We have isolated and characterized a novel homolog of eIF4G referred to as eIF4GII. eIF4GII is the second homolog of eIF4GI to be reported, the first being p97/NAT1/DAP-5. p97 differs from both eIF4GI and eIF4GII in that it does not interact with eIF4E, which is consistent with the lack of an eIF4E binding site (15
). As expected from the sequence homology, eIF4GII interacts with eIF4E, eIF4A, and eIF3. We have demonstrated that eIF4GII is a bona fide functional homolog of eIF4G by showing that eIF4GII in combination with eIF4E, but not alone, is capable of restoring cap-dependent translation in reticulocyte lysate treated with rhinovirus 2Apro
. In addition, eIF4GII is present in an eIF4F complex from HeLa cells, because it could be purified by m7
GDP affinity chromatography. We were not able to determine whether rabbit eIF4F preparations contain both eIF4GI and eIF4GII, because anti-eIF4GII antibody did not react with the rabbit eIF4F high-molecular-weight polypeptides (12a
Why have two different eIF4G proteins? One interesting possibility is that the two eIF4G proteins could be required for the translation of different classes of mRNAs. Although we found that eIF4GII can stimulate cap-dependent translation of CAT almost as efficiently as eIF4GI in a translation extract devoid of intact eIF4G, it is possible that eIF4GI and eIF4GII activities exhibit preferential mRNA binding. Alternatively, it is possible that both eIF4G forms are required for maximal translation of a given mRNA. Consistent with this, neither of the eIF4G forms could restore the translation of CAT mRNA in a 2Apro
-treated extract as efficiently as eIF4F (Fig. ). (We could not further address this issue because of our inability to achieve higher concentrations of the proteins for the limited volume of the in vitro translation system.) However, it is also possible that neither of the eIF4G isoforms was as active as endogenous eIF4G, because the recombinant eIF4GII and eIF4GI lack N-terminal sequences. It is of interest that there are also two forms of eIF4A, and both of these forms were shown to be associated with eIF4F, but in different amounts (8
). Since eIF4F might contain a mixture of eIF4GI and eIF4GII, it would be interesting to determine if each of the eIF4G polypeptides recognizes a different form of eIF4A.
Different functions for the two forms of eIF4G in yeast and plants have not been described. Recently, it was reported that the two eIF4G forms of yeast (TIF4631 and TIF4632 [12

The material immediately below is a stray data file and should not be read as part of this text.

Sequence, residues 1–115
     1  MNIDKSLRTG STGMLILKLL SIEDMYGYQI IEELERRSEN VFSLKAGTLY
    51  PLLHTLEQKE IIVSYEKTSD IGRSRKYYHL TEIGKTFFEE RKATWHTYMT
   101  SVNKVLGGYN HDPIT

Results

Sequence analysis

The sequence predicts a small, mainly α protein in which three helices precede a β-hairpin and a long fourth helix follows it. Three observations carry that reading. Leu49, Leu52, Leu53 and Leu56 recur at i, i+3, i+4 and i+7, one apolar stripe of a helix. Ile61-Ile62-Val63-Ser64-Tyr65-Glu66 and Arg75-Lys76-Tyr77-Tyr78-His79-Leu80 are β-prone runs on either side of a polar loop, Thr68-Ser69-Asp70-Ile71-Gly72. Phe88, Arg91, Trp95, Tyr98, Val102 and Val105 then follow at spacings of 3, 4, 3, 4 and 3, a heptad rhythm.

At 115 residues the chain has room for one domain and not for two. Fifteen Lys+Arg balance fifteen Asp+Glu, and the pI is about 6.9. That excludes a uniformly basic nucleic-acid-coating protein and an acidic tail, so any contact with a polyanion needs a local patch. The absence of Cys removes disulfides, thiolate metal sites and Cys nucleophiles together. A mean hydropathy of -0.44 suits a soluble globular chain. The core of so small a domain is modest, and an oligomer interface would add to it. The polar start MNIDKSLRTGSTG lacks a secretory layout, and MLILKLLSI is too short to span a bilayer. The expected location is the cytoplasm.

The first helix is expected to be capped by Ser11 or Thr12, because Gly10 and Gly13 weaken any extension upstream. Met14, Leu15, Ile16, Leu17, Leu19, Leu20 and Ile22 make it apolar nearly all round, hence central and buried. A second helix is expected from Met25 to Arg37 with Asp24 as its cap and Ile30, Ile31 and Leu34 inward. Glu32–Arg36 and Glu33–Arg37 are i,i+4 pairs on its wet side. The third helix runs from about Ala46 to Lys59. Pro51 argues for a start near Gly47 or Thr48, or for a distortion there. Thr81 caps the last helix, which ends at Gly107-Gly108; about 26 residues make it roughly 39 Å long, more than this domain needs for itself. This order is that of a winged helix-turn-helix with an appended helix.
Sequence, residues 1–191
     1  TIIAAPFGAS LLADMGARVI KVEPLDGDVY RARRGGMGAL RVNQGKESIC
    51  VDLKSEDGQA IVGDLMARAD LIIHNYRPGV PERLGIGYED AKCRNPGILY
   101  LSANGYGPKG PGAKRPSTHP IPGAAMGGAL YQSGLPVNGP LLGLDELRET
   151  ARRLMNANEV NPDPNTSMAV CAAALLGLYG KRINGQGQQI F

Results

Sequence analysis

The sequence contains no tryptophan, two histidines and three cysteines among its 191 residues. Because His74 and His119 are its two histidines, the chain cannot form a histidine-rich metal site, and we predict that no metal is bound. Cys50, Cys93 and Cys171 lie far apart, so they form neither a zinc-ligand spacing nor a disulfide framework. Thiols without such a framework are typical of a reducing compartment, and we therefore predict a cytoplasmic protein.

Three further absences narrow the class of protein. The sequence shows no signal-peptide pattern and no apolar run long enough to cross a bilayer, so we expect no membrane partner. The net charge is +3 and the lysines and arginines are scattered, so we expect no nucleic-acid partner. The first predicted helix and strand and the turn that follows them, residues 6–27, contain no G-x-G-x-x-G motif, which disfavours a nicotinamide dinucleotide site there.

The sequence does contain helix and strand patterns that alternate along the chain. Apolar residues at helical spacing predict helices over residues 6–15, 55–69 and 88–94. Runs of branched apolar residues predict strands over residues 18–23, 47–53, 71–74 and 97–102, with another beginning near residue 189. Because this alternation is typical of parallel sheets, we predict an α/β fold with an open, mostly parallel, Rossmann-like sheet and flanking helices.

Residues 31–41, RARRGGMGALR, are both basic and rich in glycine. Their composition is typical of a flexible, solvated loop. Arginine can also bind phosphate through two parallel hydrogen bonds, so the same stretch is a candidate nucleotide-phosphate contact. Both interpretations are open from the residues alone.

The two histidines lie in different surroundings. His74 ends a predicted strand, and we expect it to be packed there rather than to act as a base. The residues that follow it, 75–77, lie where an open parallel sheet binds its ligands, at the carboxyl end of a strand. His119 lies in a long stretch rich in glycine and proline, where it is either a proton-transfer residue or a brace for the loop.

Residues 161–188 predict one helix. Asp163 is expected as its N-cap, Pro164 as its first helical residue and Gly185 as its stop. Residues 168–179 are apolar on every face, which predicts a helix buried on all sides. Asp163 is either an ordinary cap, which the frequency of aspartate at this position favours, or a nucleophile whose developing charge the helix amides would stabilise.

]) could synergize with the poly(A) binding protein (Pabp) in stimulating cap-dependent translation (42
). Since eIF4G in yeast interacts directly with Pabp, it was of interest to determine if the two human eIF4G species could also interact with mammalian Pabp. We could not demonstrate binding of either of the human eIF4G species to Pabp (8a
). Perhaps there are other forms of eIF4G-like proteins that mediate the action of mammalian Pabp in translation initiation, or perhaps an extended N-terminal form of eIF4GI that is not yet available can bind to mammalian Pabp.
The finding of a new homolog of eIF4G may have important implications for the understanding of the shutoff of host protein synthesis following infection with several picornaviruses. The cleavage of eIF4G precedes the shutoff of host protein synthesis and is thought to be the major cause of the inhibition of translation (10
). However, under certain conditions, for example, when replication of poliovirus is inhibited with drugs, cleavage of eIF4GI occurs without complete shutoff of host protein synthesis (5
). These results led Bonneau and Sonenberg to conclude that cleavage of eIF4G (p220) is not sufficient for complete inhibition of host cell protein synthesis and that an additional event is required (5
). Pérez and Carrasco concluded, based on similar results, that eIF4G cleavage is not responsible for the shutoff of host protein synthesis (16
). However, the presence of a functional homolog of eIF4G raises the intriguing possibility that eIF4GII is more resistant to cleavage by 2Apro
than eIF4GI. Although we showed here that eIF4GII is degraded in infected cells, preliminary evidence suggests that it is less sensitive to cleavage, in that infection with poliovirus in the presence of drugs results in cleavage of eIF4GI, but not eIF4GII (12a
eIF4G is thought to play a major role as an adapter molecule in the assembly of the 43S ribosomal preinitiation complex (14
). The discovery of a functional homolog of eIF4G in this study, as well as a truncated eIF4G homolog, p97, earlier (15
), establishes the existence of an eIF4G family and raises the possibility that other eIF4G-like molecules could exist. It is possible that the various eIF4G adapters play important and specific roles in regulating translation in response to different stimuli or during different stages of development and differentiation.